There’s a German saying: the wages of the world are unthanks.
Villa must be feeling the truth of that this week, after Tottenham’s Defoe
decided that he only wanted to play for a top-four club, which counts Villa
out. This seemed terribly ungrateful in a week when Villa finished tarting
up the Holte Hotel, which presumably is where they are to house their
massive squad when it arrives. The hotel is looking fantastic and is a
tribute to the new regime – pity these players aren’t so easily impressed.
The time we’ll know Villa really have hit the stratosphere, is when they
start ripping the guts out of Aston Hall and the neon double arches
get plastered over that rather out-dated frontage. The cable-car
to the back of the Holte is going to look great but – so far so good – one
step at a time.
I have to say that its a bit hypocritical of me to lament Defoe’s
non-arrival, as when he looked like he might keep Vassell out
of the England team, I was in the habit of wishing him harm.
But a fat lot of good that did Darius, or me, and it seems whatever
voodoo I was practising, it had the opposite effect, as him having
to play for Man City and sing Wonderwall every week, is not the best
I’d hoped for the lad – he deserved better..
Anyway, I was more than delighted to see Reo-Coker arrive this week, as I
have long admired the guy, for his strength of personality and the power of
his game and it gives me an excuse to sing Duran Duran’s greatest hits in
the bath, as I prepare to lead the Holte End, with my famously silky
falsetto. I don’t think there is any doubt that he is a fine player and as
long as he doesn’t mind playing in three positions at once, I think Villa’s
midfield should be one of the best ever seen in a 5-1-4 formation. But I
bet they are already making plans for Nigel.
Signing new players is actually a long process and what with the medical,
which consists of weighing the guy’s earrings, counting his teeth and making
sure that his septum is still his own, things can take as long as ten
minutes – its flying the doctor to the beach in the Bahamas, which takes the
time. The contract-talks take even longer and these days you need a pretty
big piece of paper to get all those noughts on. And then when it is all
agreed, there’s the long-winded process of getting in contact with the Bank
of England, to ensure that they are actually planning to print enough notes
to pay the fellah and do Group 4 have a truck big enough to deliver? It all
Elsewhere the debate of the week was about whether Bent is worth £16m, or
slightly more than Henry went for. Its actually hard to say, as even the
best players make dot-com shares look like a safe investment. What with the
rigorous demands of the game, where a top player can play as much as twice a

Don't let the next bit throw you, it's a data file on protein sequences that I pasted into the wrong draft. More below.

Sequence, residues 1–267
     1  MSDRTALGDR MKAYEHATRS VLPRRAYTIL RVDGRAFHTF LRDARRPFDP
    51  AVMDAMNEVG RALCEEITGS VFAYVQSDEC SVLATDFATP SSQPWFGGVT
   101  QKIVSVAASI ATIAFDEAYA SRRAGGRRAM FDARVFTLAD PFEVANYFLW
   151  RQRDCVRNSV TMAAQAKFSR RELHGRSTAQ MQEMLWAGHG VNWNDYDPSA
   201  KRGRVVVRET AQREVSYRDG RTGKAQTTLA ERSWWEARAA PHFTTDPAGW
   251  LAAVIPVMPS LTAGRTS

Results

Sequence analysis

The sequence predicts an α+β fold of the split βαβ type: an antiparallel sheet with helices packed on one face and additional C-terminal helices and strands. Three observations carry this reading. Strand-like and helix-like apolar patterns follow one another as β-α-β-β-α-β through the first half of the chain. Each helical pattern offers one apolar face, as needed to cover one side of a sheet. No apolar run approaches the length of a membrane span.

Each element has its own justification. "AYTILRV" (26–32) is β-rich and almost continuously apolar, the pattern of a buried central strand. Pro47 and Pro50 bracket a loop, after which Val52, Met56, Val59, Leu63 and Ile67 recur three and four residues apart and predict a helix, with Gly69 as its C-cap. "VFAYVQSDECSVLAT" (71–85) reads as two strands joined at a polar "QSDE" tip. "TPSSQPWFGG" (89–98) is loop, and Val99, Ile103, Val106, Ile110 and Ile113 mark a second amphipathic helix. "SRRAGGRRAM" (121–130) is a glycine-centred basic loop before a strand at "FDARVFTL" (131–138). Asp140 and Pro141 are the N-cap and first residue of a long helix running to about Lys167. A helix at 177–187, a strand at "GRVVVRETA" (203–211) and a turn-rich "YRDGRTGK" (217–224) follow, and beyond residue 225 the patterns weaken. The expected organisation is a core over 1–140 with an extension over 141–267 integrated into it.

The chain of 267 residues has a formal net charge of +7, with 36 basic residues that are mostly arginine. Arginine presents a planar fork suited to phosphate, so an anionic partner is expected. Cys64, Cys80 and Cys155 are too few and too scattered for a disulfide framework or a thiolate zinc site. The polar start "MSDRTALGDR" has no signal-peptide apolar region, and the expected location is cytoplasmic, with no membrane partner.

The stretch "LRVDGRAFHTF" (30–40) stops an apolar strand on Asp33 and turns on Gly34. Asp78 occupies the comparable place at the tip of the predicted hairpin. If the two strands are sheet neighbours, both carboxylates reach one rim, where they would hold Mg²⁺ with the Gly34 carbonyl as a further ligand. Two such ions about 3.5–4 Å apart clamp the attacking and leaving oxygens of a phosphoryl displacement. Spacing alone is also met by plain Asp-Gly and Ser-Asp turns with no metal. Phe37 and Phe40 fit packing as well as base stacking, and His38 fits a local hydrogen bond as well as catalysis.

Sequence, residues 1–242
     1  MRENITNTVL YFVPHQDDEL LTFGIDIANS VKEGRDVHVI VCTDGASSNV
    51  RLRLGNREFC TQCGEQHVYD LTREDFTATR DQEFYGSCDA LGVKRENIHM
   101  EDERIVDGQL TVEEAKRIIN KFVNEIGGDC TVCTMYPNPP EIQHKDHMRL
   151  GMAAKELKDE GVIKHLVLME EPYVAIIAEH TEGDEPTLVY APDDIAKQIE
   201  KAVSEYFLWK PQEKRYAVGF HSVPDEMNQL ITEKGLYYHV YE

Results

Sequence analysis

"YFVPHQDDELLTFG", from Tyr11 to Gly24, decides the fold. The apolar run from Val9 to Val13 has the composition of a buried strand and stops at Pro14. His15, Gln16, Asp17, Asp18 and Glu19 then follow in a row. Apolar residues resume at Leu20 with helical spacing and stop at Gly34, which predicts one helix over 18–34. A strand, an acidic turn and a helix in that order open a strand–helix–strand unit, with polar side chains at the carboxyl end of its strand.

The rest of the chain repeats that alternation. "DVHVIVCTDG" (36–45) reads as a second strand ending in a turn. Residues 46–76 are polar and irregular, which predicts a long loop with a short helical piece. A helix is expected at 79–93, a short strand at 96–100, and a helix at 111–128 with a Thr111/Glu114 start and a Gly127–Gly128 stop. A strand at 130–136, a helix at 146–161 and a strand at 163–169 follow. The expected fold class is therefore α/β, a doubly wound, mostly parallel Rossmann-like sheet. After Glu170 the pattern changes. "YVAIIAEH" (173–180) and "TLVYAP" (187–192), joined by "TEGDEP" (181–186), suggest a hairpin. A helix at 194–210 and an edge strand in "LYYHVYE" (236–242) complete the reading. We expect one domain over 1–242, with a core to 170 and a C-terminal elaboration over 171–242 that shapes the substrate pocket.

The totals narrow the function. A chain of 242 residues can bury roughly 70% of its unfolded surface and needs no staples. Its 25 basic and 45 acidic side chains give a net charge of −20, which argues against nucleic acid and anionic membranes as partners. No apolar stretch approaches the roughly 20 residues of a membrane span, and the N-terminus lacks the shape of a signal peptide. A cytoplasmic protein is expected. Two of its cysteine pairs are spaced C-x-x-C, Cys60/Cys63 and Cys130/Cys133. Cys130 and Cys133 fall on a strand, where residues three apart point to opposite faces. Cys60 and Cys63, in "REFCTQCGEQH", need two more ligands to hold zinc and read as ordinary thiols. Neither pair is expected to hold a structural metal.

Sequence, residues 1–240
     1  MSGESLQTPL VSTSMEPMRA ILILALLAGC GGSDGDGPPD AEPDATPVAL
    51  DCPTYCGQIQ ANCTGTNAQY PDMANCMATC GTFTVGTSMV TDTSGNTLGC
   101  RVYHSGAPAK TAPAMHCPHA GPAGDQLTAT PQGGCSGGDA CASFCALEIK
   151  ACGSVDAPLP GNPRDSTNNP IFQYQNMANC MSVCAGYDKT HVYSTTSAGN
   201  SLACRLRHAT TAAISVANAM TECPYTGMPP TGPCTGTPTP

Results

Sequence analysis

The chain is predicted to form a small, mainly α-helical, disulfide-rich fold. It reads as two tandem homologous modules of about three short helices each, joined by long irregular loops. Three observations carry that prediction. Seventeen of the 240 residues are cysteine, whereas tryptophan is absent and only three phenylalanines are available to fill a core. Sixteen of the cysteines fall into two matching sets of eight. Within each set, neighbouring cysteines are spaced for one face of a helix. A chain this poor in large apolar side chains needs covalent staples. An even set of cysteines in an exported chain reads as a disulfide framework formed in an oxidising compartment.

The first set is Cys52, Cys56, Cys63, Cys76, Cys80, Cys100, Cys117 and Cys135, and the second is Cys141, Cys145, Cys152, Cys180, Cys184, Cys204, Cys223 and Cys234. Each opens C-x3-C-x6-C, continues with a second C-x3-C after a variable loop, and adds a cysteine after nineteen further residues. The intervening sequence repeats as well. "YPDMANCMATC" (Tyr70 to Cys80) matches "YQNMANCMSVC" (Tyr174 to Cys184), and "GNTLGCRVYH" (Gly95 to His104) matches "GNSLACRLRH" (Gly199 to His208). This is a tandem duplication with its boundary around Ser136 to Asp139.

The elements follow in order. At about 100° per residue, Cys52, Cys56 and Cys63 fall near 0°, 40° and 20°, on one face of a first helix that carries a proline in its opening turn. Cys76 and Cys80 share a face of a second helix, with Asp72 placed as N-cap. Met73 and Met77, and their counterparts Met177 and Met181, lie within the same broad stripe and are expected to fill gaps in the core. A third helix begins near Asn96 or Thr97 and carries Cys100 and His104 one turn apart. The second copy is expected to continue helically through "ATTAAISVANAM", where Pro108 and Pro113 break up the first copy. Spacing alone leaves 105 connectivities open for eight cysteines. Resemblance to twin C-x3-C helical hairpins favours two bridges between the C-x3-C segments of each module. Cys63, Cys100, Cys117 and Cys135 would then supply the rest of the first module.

fortnight, sometimes in cold weather, there is the physical demands of
getting in and out of the sort of cars, which are just not meant to be got
in and out of (Clarkson needs an anaesthetic to get in his), and there’s
all that business of spending nights trying to avoid getting mugged by
some tartlet, for their procreative juices – emission impossible perhaps
– which requires a chastity-belt more solidly built than a Tom Cruise
It can’t be denied that the money is ridiculous but it is obviously set by
market demands, which basically means that the market has been fixed in the
players’ favour and while the millions of players in Asia and Africa are
excluded, anyone who is not entirely hopeless, is going to be worth a lot of
dough. And it seems that until they invent a way of exporting football jobs,
like they did for those who build vacuum-cleaners or make chocolate bars,
the home-grown players will be free to plan their mansions and wave their
wedges in our faces. As for the value to the clubs? Absolutely. Just like
Andy Gray paid back that million quid with his goal at Wembley for Wolves
and Francis did the same for Forest in the European Cup. If Bent scores
enough crucial goals for Spurs, it will be considered money well-spent.
But as much as it might really get under the skin to realise that even the
most useless plonker in a shirt is on some obscene salary, you have to admit
one thing – a footballer doesn’t have to do anything morally questionable to
get it, not big time anyway. Okay its a very strange way of distributing
money and it might be different from what we are used to – having an
ancestor who held the king’s coat at some ancient battle was a decent
system – but it could be worse. Unlike a CEO who might be pulling down
similar bucks, they don’t have to screw anyone to get it. No one makes
anyone watch TV and even when some sponsor employs child-labour
to make their products, a player’s moral responsibility is at worst
vicarious. Footballers are surprisingly clean.
Besides what other massively over-paid job has such positive consequences?
What other profession is in the position to transform thousands of people’s
lives, with a single piece of finesse? Footballers can do that and whether
it is a Hendrix solo or a nice arse on a woman, there are few things in this
world that can make you look up to the Heavens and say, ‘Thanks!’.
Footballers are in that enviable position and even if many of them are not
nice people, they can give you a lift and fill you with wonder. Whether it
is a moment of beauty from Berbatov or Ginola, or exhilarating power from
Collymore, they can make the moment seem special and even the world itself.
And for that, I am truly grateful.